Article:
Your Rights as a Tenant
Tenants in Massachusetts are entitled to a myriad of rights under state law in the Commonwealth of Massachusetts. In this entry of The Lawg, we discuss a tenant’s habitability rights. These rights entitle the tenant to a safe and habitable living environment throughout the period of their tenancy. The laws that detail habitability are listed under the State Sanitary Code. In a separate entry we will discuss the actions that tenants can undertake to compel a landlord to maintain his or her obligations under the lease.
The Massachusetts state sanitary code is located on the Massachusetts State government website. www.malegislature.gov. If you believe that your landlord is ignoring his responsibilities to you, it would be useful to see if there is a statute that prohibits the landlord’s behavior. Since it is impossible to cover every contingency that the habitability rights would apply to, we discuss a few of the most common.
First, animals in an apartment can be fun, but unwanted critters, like mice or rats or BED BUGS roaming your apartment are unnerving. If your lease is silent on the issue of responsibility for such pests, the law in Massachusetts splits the responsibility of the landlord and tenant based on the rental unit status. If you live in a building with a single living unit (i.e. the landlord owns one unit and you live in it) then you are responsible for the prevention from and extermination of any insects, rodents and even skunks. However, if you live in a building that has multiple living units, (i.e. the landlord owns 2 or more units and you live in one) then the landlord is responsible for the prevention and extermination of pests. The issue can be slightly more complicated if it is determined that the landlord’s failure to maintain the building / unit is what has caused the pest problem. If you feel your situation falls into these categories, please feel free to call The Jacobs Law, LLC to discuss your options with an experienced Massachusetts attorney.
Next, nobody likes cold showers. Under Massachusetts state law, everybody is entitled to hot water. The sanitary code outlines basic requirements for the hot water system in your unit. The temperature of the hot water cannot drop below 110° Fahrenheit (43°C) and not exceed 130° Fahrenheit (54°C). The hot water must maintain functioning pressure and quantity. If there is a discrepancy in these temperatures it is the responsibility of the landlord to fix it. Look towards your lease agreement to see if you are required to provide the fuel for the hot water system or if the landlord is going to pay for it (i.e. if heat/hot water are ‘included’). If there is a problem with the hot water system, the inspection of the system should be done by the landlord. Furthermore the landlord has a duty to replicate the situation surrounding the problem as you describe it. This is meant to identify the problem as you experienced it.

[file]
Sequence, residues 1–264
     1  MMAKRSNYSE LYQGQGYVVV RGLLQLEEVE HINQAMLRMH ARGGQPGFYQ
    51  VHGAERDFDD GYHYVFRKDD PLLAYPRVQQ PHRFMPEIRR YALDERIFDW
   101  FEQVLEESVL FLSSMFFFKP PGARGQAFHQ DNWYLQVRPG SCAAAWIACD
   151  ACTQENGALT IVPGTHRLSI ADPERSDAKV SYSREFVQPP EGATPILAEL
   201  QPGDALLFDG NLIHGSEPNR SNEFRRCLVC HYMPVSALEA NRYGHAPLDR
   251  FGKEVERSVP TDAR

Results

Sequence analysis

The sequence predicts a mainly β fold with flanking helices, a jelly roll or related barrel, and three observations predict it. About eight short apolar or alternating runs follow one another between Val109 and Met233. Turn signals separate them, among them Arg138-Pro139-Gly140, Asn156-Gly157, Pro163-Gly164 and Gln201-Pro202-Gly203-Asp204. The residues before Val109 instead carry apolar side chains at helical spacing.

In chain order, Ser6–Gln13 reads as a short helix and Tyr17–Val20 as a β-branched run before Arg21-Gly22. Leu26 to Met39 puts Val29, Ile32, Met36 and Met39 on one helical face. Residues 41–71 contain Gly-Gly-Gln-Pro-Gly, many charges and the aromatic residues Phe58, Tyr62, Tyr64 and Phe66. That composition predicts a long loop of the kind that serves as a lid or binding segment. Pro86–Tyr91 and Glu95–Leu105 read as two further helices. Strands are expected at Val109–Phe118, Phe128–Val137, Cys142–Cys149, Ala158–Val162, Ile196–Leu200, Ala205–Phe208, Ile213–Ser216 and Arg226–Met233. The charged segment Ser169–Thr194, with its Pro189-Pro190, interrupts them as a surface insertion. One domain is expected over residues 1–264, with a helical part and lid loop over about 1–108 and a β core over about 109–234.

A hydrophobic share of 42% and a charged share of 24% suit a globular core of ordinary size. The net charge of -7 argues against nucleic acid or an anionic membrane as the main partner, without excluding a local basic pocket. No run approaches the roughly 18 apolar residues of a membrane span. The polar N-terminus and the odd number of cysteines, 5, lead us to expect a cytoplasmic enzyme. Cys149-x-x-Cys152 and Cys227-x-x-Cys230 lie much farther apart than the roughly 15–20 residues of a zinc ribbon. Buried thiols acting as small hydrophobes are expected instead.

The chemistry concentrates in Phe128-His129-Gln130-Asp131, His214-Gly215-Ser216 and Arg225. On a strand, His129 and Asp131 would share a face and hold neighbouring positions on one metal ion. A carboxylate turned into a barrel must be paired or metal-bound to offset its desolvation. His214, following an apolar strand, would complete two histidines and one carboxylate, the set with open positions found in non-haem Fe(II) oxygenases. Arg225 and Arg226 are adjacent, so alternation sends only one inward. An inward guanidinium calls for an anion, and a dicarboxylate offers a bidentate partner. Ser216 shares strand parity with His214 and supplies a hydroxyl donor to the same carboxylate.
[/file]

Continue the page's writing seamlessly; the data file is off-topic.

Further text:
Seeing your breath in the winter can be amusing, but not when it is in your home in mid-January in New England. In Massachusetts, the Department of Public Health mandates that during certain times of the year the heat in your unit MUST be on. From September 15th to June 15th you must have heat available to your unit. Furthermore, if the temperature is controlled by the landlord, it cannot exceed 78° Fahrenheit (25°C) during the winter season. The time of day is also very important. Again, if the landlord controls the heat in your unit/building, the law states that between 7AM and 11PM the temperature in your unit cannot drop below 68° Fahrenheit (20°C), and between 11PM and 7AM the temperature cannot drop below 64° Fahrenheit (17°C). If YOU pay for and control the temperature of your heat, then you are free to put it as high as you want. However, be careful, because you are required to maintain the heat from falling below freezing in the winter to avoid bursting the pipes.
Lastly, we discuss a worst case scenario…total loss due to fire. There are a few things that every tenant should know about their unit to secure their safety and their belongings. First, the landlord has a responsibility to maintain a safe way to exit the unit and/or building. This means that there can be no obstruction of a reasonable exit out of your home. There must also be 2 means of exiting your unit in case of a fire. One can be a window, but you must have access to the ground below and the window must be a certain size and type to allow you to get through it. Second, the landlord needs to install locks on doors and windows to prevent unlawful entry but those locks need to be uncomplicated so that you can escape if need be. Third the landlord has to provide your home with smoke detectors and carbon monoxide alarms. It is their duty to maintain and install such devices, and their failure to do so is likely a breach of your lease as well as a violation of Massachusetts Law
The above is a short explanation into your rights as a tenant in Massachusetts. In general, Massachusetts law is very “tenant friendly”. It provides for penalties against landlords for certain violations, including giving tenants the right to withhold rent under certain circumstances if problems / violations are not fixed within a reasonable time after notifying the landlord of it. The Habitability laws of Massachusetts attempt to guarantee the basic necessities that our society expects each tenant to have. If you are concerned that your landlord has failed to meet his/her obligations under the law or your lease, or has violated your tenant rights, please do not hesitate to contact an attorney at The Jacobs Law, LLC. We will try to resolve those issues for you and pursue a claim against your landlord if necessary. However, above all else, you should never take any legal or financial action against your landlord without contacting a lawyer first.